nytheatre.com review by Martin Denton
October 3, 2008
I came to this new Broadway production of Equus having never seen the play before (nor the film starring Richard Burton). So its very particular surprises were all brand new to me, which is perhaps the only way to fully appreciate it. Because Equus is, above all else, a mystery story—a highly theatricalized one, to be sure; and one of compelling thematic depth.
The mystery revolves around a young man named Alan Strang, a 17-year-old boy living in a provincial area of southern England. Alan blinded all six horses in the stable where he works, with a metal spike; the question in Equus is not whodunit but why. Hesther Saloman, the judge before whom Alan stood when being tried for this sensational crime, has remanded him not to jail but to a psychiatric hospital, where her friend Dr. Martin Dysart will attempt to uncover the cause of Alan's actions.
And so Dysart probes Alan's damaged psyche, utilizing a variety of what he brazenly calls the tricks of his trade to first get through to the boy—who initially refuses to talk, answering questions only by singing TV commercial jingles—and then to uncover the truth of what led him to carry out the bizarre and outrageous mutilation of the animals he loved.
The brilliance of Peter Shaffer's playwriting here is that Dysart, not Alan, is the protagonist of Equus. As the barriers are torn down within Alan's mind to reveal the "solution," we are engaged not only with discovering what it is but with the destruction that the process is wreaking on both doctor and patient. When Dysart first encounters Alan, he is a deeply disappointed man, trapped in a loveless marriage and a job that no longer satisfies him, living only for the few weeks a year when he can vacation in Greece, visiting ruins and rummaging through ancient art objects that provide his only fascination. As Alan's treatment progresses, and as Dysart explores and meditates on it before our eyes (for the entire play is structured as a kind of confessional between him and us), he arrives at some very disturbing conclusions about the value of what he is doing. Viewed in the context of Shaffer's later plays (Amadeus, even Lettice and Lovage), it's clear that the struggle between conformity and eccentricity—between the routines of convention and the thrilling but dangerous insights of raw genius—are at the heart of Equus. The conclusion of the piece, which comes stunningly quick on the heels of the climactic unraveling of the mystery, is devastating and untethering.
Thea Sharrock's production derives its power from its sense of theatrical possibility. On John Napier's deceptively stark set, scenes from Alan's past are replayed for us in a style that always combines naturalism with unabashed theatre magic. The horses at the stable where Alan works are played by actors wearing metal masks (representing the horse's heads) and oversized metal platform shoes that allow them to tower over the human characters; their movements (choreographed by Fin Walker) are stylized approximations of the singular elegance of a trot, canter or gallop. Napier, with his collaborators David Hersey (lighting) and Gregory Clarke (sound), creates an astonishing world of heightened imagination that mirrors the twisted feats of invention that Alan himself achieves in the story. The realization of the play's climax—the re-creation of Alan's crime—is one of the most authentically horrifying moments I've ever seen on stage.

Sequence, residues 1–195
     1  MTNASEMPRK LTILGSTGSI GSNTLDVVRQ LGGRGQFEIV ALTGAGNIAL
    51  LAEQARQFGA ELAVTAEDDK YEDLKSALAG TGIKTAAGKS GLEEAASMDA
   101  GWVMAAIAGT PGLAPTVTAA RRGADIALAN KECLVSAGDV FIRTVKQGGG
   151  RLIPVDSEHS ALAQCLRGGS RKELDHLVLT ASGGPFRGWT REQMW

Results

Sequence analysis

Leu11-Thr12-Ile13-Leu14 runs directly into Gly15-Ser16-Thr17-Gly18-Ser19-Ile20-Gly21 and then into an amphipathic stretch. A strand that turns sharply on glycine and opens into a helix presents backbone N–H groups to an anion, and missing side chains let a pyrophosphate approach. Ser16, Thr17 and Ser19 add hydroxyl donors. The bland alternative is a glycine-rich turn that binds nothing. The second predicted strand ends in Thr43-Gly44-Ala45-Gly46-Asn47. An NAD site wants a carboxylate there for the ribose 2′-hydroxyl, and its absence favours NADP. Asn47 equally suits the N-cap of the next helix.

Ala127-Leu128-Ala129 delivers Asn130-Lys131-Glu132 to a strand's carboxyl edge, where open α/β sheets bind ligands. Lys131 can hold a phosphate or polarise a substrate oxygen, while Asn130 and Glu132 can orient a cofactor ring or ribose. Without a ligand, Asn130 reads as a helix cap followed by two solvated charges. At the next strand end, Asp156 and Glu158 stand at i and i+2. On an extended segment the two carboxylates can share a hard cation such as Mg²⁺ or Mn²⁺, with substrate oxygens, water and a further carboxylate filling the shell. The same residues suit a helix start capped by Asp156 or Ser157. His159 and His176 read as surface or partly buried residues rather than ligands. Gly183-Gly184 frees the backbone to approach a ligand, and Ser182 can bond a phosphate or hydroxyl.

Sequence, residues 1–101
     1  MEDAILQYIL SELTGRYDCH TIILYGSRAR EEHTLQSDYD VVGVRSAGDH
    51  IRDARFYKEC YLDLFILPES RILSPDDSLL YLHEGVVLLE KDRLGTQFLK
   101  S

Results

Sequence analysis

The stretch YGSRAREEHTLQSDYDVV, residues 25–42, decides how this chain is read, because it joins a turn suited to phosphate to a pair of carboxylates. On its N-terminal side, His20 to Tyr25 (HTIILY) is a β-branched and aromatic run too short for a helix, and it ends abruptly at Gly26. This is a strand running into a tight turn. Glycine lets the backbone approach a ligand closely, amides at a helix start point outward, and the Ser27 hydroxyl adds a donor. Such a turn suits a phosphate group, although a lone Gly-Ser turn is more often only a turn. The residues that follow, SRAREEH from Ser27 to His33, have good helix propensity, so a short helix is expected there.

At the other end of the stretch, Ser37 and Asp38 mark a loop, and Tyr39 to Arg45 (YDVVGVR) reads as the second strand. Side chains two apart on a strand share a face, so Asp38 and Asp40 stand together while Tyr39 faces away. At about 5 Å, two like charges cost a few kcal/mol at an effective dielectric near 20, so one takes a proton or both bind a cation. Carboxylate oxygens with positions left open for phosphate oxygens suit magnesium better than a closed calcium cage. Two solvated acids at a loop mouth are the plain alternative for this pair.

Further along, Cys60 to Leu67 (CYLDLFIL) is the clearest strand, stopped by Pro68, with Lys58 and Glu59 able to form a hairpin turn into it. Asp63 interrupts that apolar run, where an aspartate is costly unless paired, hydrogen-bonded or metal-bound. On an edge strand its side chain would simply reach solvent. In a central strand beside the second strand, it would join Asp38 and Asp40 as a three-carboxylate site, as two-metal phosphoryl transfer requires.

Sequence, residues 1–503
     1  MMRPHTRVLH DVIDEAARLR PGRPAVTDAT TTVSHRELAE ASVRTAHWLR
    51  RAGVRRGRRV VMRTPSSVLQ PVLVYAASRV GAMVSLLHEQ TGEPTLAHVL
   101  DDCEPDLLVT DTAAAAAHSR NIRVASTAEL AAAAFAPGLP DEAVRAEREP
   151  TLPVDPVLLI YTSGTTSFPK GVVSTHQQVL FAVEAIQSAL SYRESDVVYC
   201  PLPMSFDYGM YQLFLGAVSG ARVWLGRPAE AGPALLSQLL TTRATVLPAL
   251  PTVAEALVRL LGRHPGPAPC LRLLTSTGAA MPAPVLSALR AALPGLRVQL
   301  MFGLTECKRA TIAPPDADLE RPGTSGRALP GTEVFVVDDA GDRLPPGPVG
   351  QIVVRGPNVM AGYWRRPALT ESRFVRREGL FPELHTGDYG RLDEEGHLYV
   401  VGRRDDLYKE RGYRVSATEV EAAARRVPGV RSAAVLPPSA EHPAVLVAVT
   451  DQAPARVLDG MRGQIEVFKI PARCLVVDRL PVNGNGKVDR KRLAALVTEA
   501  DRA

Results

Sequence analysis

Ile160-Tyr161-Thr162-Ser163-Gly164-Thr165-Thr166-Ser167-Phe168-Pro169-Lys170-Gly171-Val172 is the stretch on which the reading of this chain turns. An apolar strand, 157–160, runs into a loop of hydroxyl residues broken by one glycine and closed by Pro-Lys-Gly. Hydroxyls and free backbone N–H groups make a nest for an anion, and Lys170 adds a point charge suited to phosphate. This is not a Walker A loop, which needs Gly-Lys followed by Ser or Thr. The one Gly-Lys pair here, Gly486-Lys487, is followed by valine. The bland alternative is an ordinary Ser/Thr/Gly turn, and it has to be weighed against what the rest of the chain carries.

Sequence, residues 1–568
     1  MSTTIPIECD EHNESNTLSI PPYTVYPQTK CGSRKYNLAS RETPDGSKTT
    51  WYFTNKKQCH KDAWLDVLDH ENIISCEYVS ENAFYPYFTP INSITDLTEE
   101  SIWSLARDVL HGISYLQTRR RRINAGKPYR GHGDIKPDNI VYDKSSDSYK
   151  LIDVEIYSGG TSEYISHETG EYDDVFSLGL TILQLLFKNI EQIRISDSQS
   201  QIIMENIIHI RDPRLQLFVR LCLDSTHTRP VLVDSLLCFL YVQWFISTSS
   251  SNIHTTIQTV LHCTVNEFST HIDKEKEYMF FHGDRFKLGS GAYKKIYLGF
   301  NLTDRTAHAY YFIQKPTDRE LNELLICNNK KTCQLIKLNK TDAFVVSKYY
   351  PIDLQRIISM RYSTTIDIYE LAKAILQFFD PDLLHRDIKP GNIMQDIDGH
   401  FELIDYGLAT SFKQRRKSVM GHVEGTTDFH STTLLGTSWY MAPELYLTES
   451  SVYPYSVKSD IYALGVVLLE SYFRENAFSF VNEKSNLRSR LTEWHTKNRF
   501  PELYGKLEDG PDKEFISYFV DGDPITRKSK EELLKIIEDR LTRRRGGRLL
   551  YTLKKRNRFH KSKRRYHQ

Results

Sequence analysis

The two great performances in this play are, perhaps inevitably, Daniel Radcliffe's as Alan and Lorenzo Pisoni's as Nugget, Alan's favored horse. Both achieve the mythic quality that their story and its context require. Excellent supporting work is delivered by Collin Baja, Tyrone A. Jackson, Spencer Liff, Adesola Oasakalumi, and Marc Spaulding, who portray the other, unnamed horses with grace and potency.
The characters outside of Alan's world are more inconsistently rendered, however. Richard Griffiths gets Dysart's detachment exactly right, but there's never a moment when he pulls away from the aloofness to show us the passion that must have once lived inside this man—and perhaps may live there again—and I missed that. T. Ryder Smith has a terrific scene in the second act that lets us right into his character, Alan's strict and repressive father; but Carolyn McCormick seems at sea as Alan's religious fanatic of a mother. Anna Camp is fine as Jill, the young woman who works at the stables who is something of a catalyst for the pivotal events of the story. I particularly admired Kate Mulgrew's highly theatrical turn as Hesther; she, alone among the "normal" people in the story, matches Radcliffe's intensity note for note.
A word about the much-ballyhooed nudity in the show: both Radcliffe and Camp appear fully naked for an extensive period in Act Two, mostly in dim light and almost always positioned so that a kind of modesty is maintained. But what follows these moments is potentially pretty upsetting; a certain level of maturity really is required to appreciate and process this play.
But for those equipped in mind and heart to take it in, this really is a remarkable piece of theatre. I'm not sure how well it would wear on a repeat viewing, but I am very glad to have had the chance to experience this first-rate production of a gripping, absorbing drama.